These nine reasons – and I am sure many more – are by and large why I found myself dancing every single night for years. I was always well aware of it, but that wasn’t enough to stop me. These days, having been doing it for long enough (as often happens to people after a few years), the vice-like grip the gambling aspect of the dance has had over me has lessened.

Nowadays I function perfectly well only dancing about 4 nights a week.

For anyone who knows me, this is a vast improvement.

Have I missed anything? What do you think?

 

Read more

Most of us, when we enter the dance world, have a starry-eyed view of all the dancers currently in it.

The exclusive, close-knit group of dancers up by the DJ booth are seem to be experts; people in performance groups seem like great leaders and followers; instructors all most certainly seem to be experienced, amazing, and sage bastions of dancing wisdom.

Unfortunately, the longer you dance, the more and more you realize that this simply is not true.

Just because someone is a part of a particular social group, or has been dancing a long time, or behaves like a hot shot, doesn’t mean anything about the quality of their dancing.

Just because someone performs or even looks great when they dance doesn’t mean they feel great.

And just because someone teaches dance doesn’t mean jack shit about how talented of a dancer, leader, or follower that they are.

Here’s the kicker, however:

You are also, at least in some way, that person. 

I am that person. My best friend is that person. My favorite dancers are that person. I say this because none of us are truly objective about our dancing. None of us can conduct a truly adequate self-assessment. We really cannot. Even if we think we are popular enough, as social dancers, we don’t know precisely what other social dancers experience when they are with us and why they keep coming back for m0re.

How are we ever supposed to know how talented we are? How are we supposed to know our “level”? How are we supposed to decide when we can teach, and when we cannot?

Here’s how:

Get feedback.

There are two important kinds of feedback you can get, and they are both crucial. There is solicited feedback, and there is unsolicited feedback.

On Soliciting Feedback

Dancers love to talk about each other, to debate technique, and to give each other feedback. If you want to know what is good or what is bad about your dancing, ask. You can ask friends and you can ask strangers and you can most certainly ask instructors.

Importantly, I advise asking a diverse pool of people. You might be unlucky and stuck asking someone who really doesn’t have a good understanding of the world of dance, and can only give you narrow feedback. If you want to be a good social dancer – someone who is capable of dancing with anybody out there – then you’re going to need to ponder and probe and work on your dancing with as wide variety of people as possible.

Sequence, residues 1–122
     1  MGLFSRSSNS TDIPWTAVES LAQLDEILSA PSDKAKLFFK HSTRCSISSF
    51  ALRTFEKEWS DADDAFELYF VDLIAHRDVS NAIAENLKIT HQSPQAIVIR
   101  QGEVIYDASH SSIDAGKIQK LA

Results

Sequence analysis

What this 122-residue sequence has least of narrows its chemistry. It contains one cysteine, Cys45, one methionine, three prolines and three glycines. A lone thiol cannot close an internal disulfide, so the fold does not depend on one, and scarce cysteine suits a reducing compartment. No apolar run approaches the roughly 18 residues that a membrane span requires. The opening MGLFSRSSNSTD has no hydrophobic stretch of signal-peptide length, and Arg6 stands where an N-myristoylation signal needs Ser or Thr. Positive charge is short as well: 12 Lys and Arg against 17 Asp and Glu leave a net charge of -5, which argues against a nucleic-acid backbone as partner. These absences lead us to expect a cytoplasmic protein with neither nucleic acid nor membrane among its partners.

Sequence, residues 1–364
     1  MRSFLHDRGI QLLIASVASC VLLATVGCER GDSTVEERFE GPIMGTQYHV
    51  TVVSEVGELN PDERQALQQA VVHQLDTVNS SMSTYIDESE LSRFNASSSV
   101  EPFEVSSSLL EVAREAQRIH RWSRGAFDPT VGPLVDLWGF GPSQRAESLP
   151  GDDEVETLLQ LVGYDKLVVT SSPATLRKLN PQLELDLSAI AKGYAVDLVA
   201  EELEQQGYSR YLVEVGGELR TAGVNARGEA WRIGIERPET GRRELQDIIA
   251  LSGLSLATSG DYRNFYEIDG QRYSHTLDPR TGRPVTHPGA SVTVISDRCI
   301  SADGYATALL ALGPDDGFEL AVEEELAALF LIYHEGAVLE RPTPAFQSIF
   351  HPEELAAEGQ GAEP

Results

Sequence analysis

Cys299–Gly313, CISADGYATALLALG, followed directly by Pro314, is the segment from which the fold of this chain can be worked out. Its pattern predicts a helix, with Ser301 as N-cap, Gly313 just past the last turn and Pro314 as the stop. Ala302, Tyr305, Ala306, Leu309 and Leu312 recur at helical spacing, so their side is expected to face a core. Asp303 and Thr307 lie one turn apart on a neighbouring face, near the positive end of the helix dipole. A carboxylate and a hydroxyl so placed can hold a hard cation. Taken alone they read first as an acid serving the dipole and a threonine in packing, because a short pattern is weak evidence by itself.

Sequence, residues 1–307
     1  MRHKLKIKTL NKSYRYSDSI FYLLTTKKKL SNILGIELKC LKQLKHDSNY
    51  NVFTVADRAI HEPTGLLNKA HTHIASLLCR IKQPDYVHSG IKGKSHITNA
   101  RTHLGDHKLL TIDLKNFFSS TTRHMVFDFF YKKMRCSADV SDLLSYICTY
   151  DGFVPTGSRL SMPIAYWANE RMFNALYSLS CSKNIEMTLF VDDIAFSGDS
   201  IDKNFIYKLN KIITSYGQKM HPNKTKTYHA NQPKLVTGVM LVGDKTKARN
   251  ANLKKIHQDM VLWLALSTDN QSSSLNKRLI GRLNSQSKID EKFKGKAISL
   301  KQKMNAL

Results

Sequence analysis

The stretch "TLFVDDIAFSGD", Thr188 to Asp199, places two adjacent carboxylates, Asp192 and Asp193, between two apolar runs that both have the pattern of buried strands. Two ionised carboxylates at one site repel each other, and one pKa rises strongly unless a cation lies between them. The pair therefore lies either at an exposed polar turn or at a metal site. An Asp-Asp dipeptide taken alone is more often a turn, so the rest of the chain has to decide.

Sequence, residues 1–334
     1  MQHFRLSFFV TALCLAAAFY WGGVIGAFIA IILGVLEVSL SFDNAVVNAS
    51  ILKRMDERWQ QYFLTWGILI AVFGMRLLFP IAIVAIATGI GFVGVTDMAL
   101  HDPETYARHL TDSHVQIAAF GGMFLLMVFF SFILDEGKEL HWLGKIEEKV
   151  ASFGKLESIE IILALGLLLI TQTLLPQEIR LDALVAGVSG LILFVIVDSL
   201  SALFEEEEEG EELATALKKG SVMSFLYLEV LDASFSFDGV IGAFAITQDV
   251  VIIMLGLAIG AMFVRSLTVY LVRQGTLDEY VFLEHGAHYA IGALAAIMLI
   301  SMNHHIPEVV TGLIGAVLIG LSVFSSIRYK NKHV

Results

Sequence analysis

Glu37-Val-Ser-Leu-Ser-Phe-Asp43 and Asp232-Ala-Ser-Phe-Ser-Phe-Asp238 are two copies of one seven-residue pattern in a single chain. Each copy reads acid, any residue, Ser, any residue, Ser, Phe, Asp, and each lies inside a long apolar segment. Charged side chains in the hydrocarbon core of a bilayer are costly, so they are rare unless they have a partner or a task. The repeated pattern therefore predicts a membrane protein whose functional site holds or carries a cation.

Getting unsolicited feedback

In addition to asking for feedback, however, you can pay close attention to the kind of unsolicited feedback that you get.

Dancers do – I promise, this is a real thing – express joy to one another if they like each other’s dancing. Of course not everybody does this all of the time. But if people like you, generally speaking, you will be informed.

After dances, depending on how talented (or fun, or experienced) you are, people at different levels will demonstrate interest in you. “What’s your name?” “How long have you been dancing?” “Where do you teach?”

Generally speaking (again), people within your own “level” and below will be the ones complimenting you. You can gauge your skill by paying attention to who it is precisely who likes you the most.

So pay attention to who gives you feedback. Pay attention both at home and abroad. If no one is telling you that they like your dancing, you should probably take this seriously. If only people who are beginner dancers give you unsolicited positive feedback, and you want to be a pro, take this seriously.

In my opinion, no one should start even contemplating teaching before seasoned professionals begin treating them like one of their own. Because this will happen. If you are qualified to teach (at a particular level), other people who are qualified to teach (at this level) will seek out and express admiration over your dancing.

I personally feel very humble about my dancing and know that I have very far to go. I am so young in the worlds of precision, scope, and skill. Yet as much as I know my weaknesses, I also know my strengths. I know what many dancers think of me. Sometimes this is because I ask. But usually it is just because I pay attention. I know where I fit into the various worlds of social dancing in which I participate.